School officials in Mississippi named a white student the salutatorian of a recently integrated high school over a black student with better grades “to prevent white flight,” according to a new federal lawsuit.
Olecia James, who is African American, says she earned a higher cumulative quality point average – which takes into account a student’s grade point average and the points awarded for the rigor of the courses they take – than the white salutatorian.
But, the lawsuit alleges, Cleveland School District officials named a white student with a lower average the first salutatorian of Cleveland Central High School’s inaugural graduating class in 2018 – discriminating against her in violation of the 14th Amendment.
Cleveland Central High School was created in 2017 after the Mississippi Delta district settled a 52-year-old lawsuit demanding that it desegregate its schools. The settlement consolidated the predominantly black East Side High and the racially mixed Cleveland High.
The lawsuit filed in late April against the Cleveland School District and several administrators claims that the choice of salutatorian was driven by anxieties about the consolidation. “The defendants, in light of the newly formed consolidated Cleveland Central High School and in their angst to prevent white flight, named W.M., a white male student, as salutatorian of the inaugural class of Cleveland Central High School in 2018, a position he had not earned, and in doing so, discriminated against Olecia James, a black female who had earned the position,” the lawsuit said.
Arnold Luciano, the attorney for the school district and school board, declined to comment Thursday.
The suit seeks unspecified monetary damages and requests that James be publicly named the salutatorian of her graduating class.
What the lawsuit alleges
Two weeks before graduation in May 2018, James learned that school officials had lowered her weighted grade point average by decreasing the quality points she earned from her courses at East Side High, which closed in 2016, the lawsuit said.
Her grandmother and father met with school officials, including Superintendent Jacquelyn Thigpen, to resolve the issue.
James’ grandmother and father told Cleveland Central’s principal Randy Grierson that her quality points were incorrect on her district transcript during one meeting, the lawsuit said.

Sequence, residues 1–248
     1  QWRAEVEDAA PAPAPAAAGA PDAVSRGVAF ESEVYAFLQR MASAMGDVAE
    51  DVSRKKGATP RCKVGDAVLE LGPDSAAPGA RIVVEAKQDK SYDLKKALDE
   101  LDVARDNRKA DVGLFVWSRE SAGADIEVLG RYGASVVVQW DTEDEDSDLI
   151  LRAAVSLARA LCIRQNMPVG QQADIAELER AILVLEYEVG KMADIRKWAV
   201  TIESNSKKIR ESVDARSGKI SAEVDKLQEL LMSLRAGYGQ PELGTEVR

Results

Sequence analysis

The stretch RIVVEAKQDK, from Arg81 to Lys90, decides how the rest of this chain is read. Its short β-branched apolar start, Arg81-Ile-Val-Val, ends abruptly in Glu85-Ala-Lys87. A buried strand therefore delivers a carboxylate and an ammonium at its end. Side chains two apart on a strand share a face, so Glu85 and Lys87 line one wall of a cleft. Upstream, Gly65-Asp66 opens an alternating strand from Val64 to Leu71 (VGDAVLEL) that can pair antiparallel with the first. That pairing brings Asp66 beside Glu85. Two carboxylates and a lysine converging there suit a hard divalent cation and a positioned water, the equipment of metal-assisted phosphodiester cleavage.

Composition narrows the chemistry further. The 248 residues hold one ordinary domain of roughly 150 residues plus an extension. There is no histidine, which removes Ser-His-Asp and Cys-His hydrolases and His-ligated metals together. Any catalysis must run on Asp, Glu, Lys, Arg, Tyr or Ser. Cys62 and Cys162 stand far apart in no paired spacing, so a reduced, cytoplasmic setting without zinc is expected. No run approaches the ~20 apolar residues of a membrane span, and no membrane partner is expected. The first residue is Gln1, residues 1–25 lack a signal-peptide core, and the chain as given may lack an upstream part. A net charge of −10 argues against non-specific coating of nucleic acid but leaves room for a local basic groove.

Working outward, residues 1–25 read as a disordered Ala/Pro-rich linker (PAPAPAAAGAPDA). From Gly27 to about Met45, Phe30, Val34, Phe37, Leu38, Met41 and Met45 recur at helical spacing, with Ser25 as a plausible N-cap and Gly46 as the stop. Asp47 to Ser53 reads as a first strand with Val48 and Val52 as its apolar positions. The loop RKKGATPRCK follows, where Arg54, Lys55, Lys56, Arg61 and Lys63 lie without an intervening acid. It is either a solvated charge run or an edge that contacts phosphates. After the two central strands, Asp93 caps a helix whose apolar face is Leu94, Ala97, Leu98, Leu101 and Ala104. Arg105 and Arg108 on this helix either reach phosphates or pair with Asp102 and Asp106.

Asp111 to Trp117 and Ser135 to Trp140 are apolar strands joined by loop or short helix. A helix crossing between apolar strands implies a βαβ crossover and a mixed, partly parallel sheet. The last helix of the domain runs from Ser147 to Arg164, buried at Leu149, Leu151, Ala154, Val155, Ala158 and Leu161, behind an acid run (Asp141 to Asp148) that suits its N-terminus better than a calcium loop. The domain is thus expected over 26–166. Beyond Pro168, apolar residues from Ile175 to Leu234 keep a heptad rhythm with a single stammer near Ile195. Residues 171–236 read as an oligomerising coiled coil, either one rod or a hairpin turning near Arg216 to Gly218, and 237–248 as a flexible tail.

In a subsequent meeting, School Board President George L. Evans “apologized for the discrepancies they had made” on James’ transcripts, the lawsuit said.
A new transcript, which listed James’ cumulative weighted quality point average as 4.41, was presented at a May 14 school board meeting. That change made her the first salutatorian of the newly integrated high school, the lawsuit said.
But three days later, Grierson, who is white, announced that the white male student was the salutatorian, the lawsuit said. That student had a cumulative quality point average of 4.34, according to the lawsuit.
When James’ father and grandmother protested, school officials gave them another transcript that listed James’ quality point average as 4.33, which was lower than the student who was named salutatorian, the lawsuit said.
CNN has reached out to Grierson, Evans and Thigpen for comment.
The lawsuit also questions the quality of the education at the segregated black schools and the consequences of consolidation after the federal settlement.
The district “failed to provide equitable educational opportunities” to students at East Side High and at D.M. Smith Middle School, a segregated black school James also attended, the lawsuit said.
The district “took away and/or never assigned quality points” earned by students in the International Baccalaureate program at those schools after the consolidation, the lawsuit alleges.
The suit also claims the district discriminated against James when they named a white student with a lower GPA as the star athlete in 2018.
A 2017 lawsuit made similar claims
For decades, the school district had fought the 1965 desegregation lawsuit, filed 11 years after the historic 1954 US Supreme Court ruling in Brown vs. Board of Education, which declared school segregation unconstitutional.
Speaking to CNN in 2016, Jamie Jacks, then the attorney for the Cleveland school district, said the district had responded to the federal demands by establishing neighborhood schools and allowing students to pick which school they wanted to attend.
Several months after the 2017 settlement, an earlier federal lawsuit claimed the 2016 valedictorian of Cleveland High, who is black, was forced to share the top honor of the graduating class with a white student who had a lower grade-point average.
Sherry Shepard said her daughter, Jasmine Shepard, was the first black valedictorian in Cleveland High School’s 110-year history.
In a statement then, Jacks said the district “has a racially neutral policy regarding the valedictorian honor.”
“The policy is when there is a grade point average tie between two or more students, the students share the valedictorian honor,” the statement said.
CNN’s Eliott C. McLaughlin, Tina Burnside and Jamiel Lynch contributed to this report.